Onsite is a cafe with epic views. Plus, bike hire, bike tools, a laundry, and showers. They have a fleet of bike transport vehicles – even a speedboat – if you prefer to explore and island hop by water taxi.

Shimanami Kaido accommodation
Wakka has accommodation including private cabins and glamping tents © Murray Johnson

Artisan and crafts

In Tobe, you can tour and shop at a traditional porcelain factory and try your hand at a pottery painting workshop. There’s even a “towel museum” at Imabari.There’s even a “towel museum” at Imabari. Thie century-old industry was almost wiped out by cheap Chinese imports a few years ago but has been revived thanks to clever marketing. Including training 1000 “towel sommeliers” who match the perfect towel to your needs!

Shimanami Kaido pottery
In Tobe, you can tour a traditional porcelain factory © Murray Johnson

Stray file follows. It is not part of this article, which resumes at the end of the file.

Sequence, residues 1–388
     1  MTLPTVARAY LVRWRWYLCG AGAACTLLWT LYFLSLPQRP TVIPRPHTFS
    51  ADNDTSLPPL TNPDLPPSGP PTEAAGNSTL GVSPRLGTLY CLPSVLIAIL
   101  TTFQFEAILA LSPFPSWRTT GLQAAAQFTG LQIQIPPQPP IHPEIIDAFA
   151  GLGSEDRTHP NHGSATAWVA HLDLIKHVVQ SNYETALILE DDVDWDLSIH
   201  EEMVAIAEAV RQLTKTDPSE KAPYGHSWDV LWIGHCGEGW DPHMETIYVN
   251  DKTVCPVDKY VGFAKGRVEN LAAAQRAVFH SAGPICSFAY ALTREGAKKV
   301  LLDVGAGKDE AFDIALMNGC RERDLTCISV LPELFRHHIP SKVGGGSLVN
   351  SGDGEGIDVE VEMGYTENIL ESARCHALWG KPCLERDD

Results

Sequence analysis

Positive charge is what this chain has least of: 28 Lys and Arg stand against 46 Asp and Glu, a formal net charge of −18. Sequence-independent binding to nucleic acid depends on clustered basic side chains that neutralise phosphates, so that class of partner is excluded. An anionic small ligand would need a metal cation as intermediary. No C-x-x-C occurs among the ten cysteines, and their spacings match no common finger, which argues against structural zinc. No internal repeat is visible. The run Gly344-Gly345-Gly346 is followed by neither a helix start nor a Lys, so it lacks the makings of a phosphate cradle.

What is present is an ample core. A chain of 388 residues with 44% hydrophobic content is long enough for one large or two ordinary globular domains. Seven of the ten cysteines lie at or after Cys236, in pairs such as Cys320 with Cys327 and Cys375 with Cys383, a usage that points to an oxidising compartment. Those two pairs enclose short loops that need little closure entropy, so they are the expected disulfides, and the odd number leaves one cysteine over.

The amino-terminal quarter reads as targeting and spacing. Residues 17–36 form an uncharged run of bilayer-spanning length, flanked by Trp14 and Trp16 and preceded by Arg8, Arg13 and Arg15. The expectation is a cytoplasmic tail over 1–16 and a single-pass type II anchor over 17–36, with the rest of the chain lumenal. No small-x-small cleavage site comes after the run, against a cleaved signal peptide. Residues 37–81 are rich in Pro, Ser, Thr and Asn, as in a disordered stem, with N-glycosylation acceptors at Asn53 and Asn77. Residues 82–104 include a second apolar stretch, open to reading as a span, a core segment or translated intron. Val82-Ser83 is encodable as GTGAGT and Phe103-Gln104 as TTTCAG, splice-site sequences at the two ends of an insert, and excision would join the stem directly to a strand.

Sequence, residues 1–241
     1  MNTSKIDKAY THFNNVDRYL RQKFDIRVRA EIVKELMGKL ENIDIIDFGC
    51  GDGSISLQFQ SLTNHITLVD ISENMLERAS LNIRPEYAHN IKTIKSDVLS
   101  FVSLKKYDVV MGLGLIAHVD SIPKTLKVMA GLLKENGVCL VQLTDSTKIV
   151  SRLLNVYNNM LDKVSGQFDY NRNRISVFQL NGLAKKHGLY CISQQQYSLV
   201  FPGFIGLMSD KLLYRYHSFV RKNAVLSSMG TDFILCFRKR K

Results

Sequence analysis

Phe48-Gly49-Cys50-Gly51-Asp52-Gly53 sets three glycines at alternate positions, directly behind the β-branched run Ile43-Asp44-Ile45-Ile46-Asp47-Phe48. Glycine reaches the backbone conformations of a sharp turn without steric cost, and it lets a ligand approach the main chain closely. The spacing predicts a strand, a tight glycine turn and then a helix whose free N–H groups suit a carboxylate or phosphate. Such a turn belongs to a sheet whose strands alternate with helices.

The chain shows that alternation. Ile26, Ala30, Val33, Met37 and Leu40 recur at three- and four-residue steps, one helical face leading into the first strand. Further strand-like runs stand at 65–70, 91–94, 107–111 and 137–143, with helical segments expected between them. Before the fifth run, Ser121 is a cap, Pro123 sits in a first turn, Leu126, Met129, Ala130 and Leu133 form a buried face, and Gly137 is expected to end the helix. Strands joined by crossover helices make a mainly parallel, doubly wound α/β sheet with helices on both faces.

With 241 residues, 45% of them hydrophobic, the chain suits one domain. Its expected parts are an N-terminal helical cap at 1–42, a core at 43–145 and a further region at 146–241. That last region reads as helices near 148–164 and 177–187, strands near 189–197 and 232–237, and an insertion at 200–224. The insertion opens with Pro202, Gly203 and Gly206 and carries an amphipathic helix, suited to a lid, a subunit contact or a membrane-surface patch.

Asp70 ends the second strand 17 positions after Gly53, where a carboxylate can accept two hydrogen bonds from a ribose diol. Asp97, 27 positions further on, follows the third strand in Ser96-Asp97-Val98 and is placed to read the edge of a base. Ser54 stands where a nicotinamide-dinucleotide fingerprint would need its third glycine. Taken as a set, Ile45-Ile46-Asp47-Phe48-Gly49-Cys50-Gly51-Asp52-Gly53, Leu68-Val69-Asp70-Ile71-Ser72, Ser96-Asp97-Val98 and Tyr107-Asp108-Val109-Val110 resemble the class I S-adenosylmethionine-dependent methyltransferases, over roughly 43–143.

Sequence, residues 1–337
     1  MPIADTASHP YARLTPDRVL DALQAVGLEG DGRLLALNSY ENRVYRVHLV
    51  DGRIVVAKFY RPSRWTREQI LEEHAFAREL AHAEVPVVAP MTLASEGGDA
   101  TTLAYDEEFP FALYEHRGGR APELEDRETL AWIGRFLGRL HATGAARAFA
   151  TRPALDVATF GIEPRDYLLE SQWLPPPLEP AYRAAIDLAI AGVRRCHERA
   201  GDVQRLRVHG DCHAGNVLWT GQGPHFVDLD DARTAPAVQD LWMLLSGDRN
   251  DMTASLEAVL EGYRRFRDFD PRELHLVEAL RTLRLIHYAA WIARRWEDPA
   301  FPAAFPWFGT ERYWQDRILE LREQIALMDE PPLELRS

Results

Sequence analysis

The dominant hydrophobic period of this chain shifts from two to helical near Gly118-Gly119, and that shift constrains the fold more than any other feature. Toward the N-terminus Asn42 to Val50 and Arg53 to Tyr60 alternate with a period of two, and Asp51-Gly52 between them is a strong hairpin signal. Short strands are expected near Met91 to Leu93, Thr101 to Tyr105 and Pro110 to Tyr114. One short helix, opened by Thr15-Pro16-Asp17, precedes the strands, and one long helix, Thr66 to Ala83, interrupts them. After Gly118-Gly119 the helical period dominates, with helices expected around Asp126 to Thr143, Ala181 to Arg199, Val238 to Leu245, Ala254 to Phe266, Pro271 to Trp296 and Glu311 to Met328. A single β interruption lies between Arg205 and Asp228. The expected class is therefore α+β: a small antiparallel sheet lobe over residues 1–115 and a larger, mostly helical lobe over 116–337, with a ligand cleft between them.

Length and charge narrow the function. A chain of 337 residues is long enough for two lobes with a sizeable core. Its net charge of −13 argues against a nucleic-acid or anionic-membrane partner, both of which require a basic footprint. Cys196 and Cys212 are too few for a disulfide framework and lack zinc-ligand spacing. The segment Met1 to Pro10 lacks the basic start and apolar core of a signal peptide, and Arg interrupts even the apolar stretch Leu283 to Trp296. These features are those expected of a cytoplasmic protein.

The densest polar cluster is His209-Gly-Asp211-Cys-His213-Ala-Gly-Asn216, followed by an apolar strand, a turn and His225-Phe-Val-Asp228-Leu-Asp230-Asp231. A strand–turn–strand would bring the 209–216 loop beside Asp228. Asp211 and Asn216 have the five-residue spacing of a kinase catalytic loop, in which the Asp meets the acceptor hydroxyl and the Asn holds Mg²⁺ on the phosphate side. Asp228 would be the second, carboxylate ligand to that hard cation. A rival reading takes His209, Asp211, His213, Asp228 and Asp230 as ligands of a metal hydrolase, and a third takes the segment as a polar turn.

Adventure on two wheels

For cyclists wanting more than breathtaking bridge views and kilometres of coastal roads, there’s Ehime’s “road in the sky”. Just a two-hour drive into the hills from the Shimanami Kaido, known as the The UFO Line is a 27km winding mountainous climb that boasts incredible views, steep gradients and thrilling descents that runs on the border between Kochi and Ehime prefectures. All within view of Ishizuchi, one of Japan’s most sacred mountains. Which is a holy place for followers of Shugendo, a sect that mixes Shinto and Buddhist beliefs.

Shimanami Kaido road
Head into the hills to Ehime’s “road in the sky” © Murray Johnson

Japanese Yuho

The UFO name evolved from the Japanese Yuho – which means a series of magnificent peaks. It stretches from 1150 to 1700 metres above sea level and is even more spectacular when wild azaleas and rhododendrons bloom red and pink in early May. Geraniums and hydrangeas flower in July and August. Then autumn colours light up the steep slopes in October and November just before the road closes for winter.

The Tsuchigoya Terrace makes a handy lunch stop nearby, and the stunning timber Sanso Shirasa Lodge is an excellent choice if you want to spend a memorable night in the mountains in gorgeous new cedar cabins. The adjoining lounge and dining areas have a ski lodge vibe. All these spectacular routes are just as enjoyable in a car or on foot if you’re not into cycling.

Shimanami Kaido temple
Ehime offers a fascinating insight into ancient Japanese tradition © Murray Johnson

Eat, Pray, Cycle